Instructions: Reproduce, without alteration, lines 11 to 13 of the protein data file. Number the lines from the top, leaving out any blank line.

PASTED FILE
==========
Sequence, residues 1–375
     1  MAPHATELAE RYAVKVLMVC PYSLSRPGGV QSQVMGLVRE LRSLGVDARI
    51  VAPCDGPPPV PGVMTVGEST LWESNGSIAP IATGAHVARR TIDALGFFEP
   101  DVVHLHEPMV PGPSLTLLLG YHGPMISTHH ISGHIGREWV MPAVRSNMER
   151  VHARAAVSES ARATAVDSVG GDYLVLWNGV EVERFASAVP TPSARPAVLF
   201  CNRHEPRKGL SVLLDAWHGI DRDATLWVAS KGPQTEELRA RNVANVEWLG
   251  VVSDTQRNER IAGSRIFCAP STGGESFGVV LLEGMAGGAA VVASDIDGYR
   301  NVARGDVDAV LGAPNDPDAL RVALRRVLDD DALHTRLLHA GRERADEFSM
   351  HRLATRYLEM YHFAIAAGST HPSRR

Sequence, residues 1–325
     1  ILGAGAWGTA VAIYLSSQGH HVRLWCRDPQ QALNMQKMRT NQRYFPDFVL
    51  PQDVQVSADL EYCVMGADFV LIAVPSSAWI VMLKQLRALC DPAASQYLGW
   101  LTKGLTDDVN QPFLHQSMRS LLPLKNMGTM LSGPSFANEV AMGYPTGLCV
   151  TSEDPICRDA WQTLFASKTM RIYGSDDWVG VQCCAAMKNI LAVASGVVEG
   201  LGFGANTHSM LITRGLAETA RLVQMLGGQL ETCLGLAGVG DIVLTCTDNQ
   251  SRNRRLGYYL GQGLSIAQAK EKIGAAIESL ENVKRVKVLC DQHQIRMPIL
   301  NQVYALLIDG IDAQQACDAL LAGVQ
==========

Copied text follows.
     1  ILGAGAWGTA VAIYLSSQGH HVRLWCRDPQ QALNMQKMRT NQRYFPDFVL
    51  PQDVQVSADL EYCVMGADFV LIAVPSSAWI VMLKQLRALC DPAASQYLGW
   101  LTKGLTDDVN QPFLHQSMRS LLPLKNMGTM LSGPSFANEV AMGYPTGLCV